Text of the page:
The Future of Work

A New Approach to Productivity and Competitive Advantage

By Malcolm Frank, Senior Vice President, Strategy & Marketing, Cognizant and Geoffrey Moore, Managing Director, TCG Advisors

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A Foreword by Geoffrey Moore The future of work is being reshaped by two trends that, when combined, create an entirely new approach to productivity and competitive advantage. The first of these is the virtualization of work, by which we mean the disaggregation of end-to-end value chains performed by a single company, into a networked collaboration, in which each company contributes its core specialization, all orchestrated and governed by global ERP systems of record. Virtualization of work has led to the globalization of the world economy, bringing developing economies to the table, initially to contribute low-cost labor, then to provide high-growth emerging markets to sell into and, most recently, to host sustainably differentiated centers of talent. The second trend is the consumerization of IT as enabled by cloud computing, something we all have experienced in our personal and social lives in the numerous online facilities that have reshaped how we communicate, collaborate, learn, buy, engage and consume. This trend has become so pervasive that its absence from the enterprise IT domain has become a global embarrassment, albeit an understandable one, given the complex demands on security. The forcing function for its deployment in business applications, however, will be its ability to accelerate the collaboration and trouble-shooting necessary to operate global, ecosystem- and knowledge-based, as well as physical supply chains at scale. When the virtualization of work meets the consumerization of IT in the enterprise — and when systems of record meet systems of engagement — the dynamics of work itself change. The core rationale for vertically integrated corporations with co-located employees in company buildings, all marching to a commandand-control culture — all that is removed once you have anytime, anywhere systems that create virtual presence. This enables the offloading of non-core work to the ecosystem, processes so mission-critical it was heretofore unimaginable that we could let another company perform them on our behalf. To maximize the benefit of offloading non-core work, enterprises must also re-examine what is truly core to them, as

Be Global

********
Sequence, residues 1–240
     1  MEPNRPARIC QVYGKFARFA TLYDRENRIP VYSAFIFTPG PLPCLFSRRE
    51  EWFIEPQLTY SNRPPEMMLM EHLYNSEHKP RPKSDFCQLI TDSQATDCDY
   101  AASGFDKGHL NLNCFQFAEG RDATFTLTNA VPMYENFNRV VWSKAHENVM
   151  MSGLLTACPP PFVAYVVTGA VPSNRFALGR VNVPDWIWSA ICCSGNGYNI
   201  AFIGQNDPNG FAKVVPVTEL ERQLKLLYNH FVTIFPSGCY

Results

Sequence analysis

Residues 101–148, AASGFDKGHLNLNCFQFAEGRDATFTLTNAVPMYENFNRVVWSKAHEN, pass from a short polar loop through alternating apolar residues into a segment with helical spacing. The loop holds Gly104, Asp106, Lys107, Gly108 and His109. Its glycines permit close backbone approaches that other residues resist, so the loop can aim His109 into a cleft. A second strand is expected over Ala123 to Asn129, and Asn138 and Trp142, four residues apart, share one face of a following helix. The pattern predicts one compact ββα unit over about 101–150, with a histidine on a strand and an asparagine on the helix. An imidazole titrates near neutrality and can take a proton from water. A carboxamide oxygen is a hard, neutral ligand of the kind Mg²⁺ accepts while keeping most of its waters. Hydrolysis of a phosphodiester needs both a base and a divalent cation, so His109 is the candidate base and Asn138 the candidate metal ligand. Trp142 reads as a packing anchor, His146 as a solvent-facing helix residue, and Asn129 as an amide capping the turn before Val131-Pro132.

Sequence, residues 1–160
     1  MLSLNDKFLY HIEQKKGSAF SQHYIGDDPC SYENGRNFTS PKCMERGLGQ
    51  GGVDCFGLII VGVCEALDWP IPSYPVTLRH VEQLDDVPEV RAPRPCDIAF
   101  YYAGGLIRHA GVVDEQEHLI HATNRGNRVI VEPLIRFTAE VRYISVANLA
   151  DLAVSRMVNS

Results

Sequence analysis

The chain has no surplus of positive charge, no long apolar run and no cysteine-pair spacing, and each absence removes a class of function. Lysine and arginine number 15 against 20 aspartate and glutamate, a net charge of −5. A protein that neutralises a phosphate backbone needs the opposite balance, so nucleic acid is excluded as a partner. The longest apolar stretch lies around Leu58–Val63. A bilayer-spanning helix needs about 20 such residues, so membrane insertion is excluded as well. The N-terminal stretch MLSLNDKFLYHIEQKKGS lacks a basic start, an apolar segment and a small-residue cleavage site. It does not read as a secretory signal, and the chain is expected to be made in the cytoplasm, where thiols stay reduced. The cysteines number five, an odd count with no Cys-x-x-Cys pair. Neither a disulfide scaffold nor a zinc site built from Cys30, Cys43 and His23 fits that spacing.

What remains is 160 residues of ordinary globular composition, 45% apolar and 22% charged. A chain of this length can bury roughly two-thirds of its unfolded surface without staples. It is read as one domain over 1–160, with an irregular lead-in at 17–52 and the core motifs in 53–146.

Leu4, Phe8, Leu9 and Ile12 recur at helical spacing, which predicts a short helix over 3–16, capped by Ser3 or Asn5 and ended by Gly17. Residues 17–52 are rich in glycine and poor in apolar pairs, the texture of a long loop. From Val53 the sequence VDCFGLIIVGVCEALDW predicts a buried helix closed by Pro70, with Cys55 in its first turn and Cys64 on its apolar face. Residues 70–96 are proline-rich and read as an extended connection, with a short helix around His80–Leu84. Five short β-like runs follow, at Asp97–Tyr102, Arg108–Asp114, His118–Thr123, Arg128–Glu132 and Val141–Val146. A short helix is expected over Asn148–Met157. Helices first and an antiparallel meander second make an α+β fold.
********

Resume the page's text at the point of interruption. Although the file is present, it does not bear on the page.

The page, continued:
global services providers develop more and more sophisticated capabilities that enterprises can leverage. It also enables a new generation of collaborative innovation — work conducted under what some are calling the millennial mindset — which is all about tapping into social networks at every stage of the problem-solving process. This, in turn, is also helping to engage the millennial generation with enterprise issues and concerns, whether as employees, customers or partners. To prepare for the impact and capitalize on the opportunities introduced by the future of work, enterprises must revisit their internal organizational models and cultures, their external relationship models and commitments, and the IT systems needed to connect all parties together in a productive, responsive ecosystem. These next-generation systems of engagement will complement the current generation of systems of record, to create the enabling fabric of future work. In this context, the discipline of business process analysis must refocus on the overall architecture of work rather than the optimization of component processes, the strategic issue being to determine what stays inside the corporation and what gets delegated to trusted partners. In parallel, enterprise IT professionals need to get out in front of the adoption of systems of engagement by working with their colleagues to determine what moments of engagement are most deserving of receiving this additional firepower in the first wave, which employee roles represent the company in these moments, and what next-generation IT-enabled communication and collaboration capabilities could most impact the outcome at these key junctures. This will set a whole new IT agenda, forcing a wave of innovation around making systems of engagement enterprise-ready, driving a whole new category of IT spend, and revamping the power hierarchy in the IT industry around a next generation of leaders. To explore this dramatic change further, my colleagues at TCG Advisors and I partnered with Malcolm Frank, a Senior Vice President at Cognizant, as well as his executive team, to prepare the following primer, entitled “The Future of Work.” We believe this is the beginning of a global conversation, and Malcolm and I look forward to broad participation from every industry and every corner of the world. We welcome your feedback.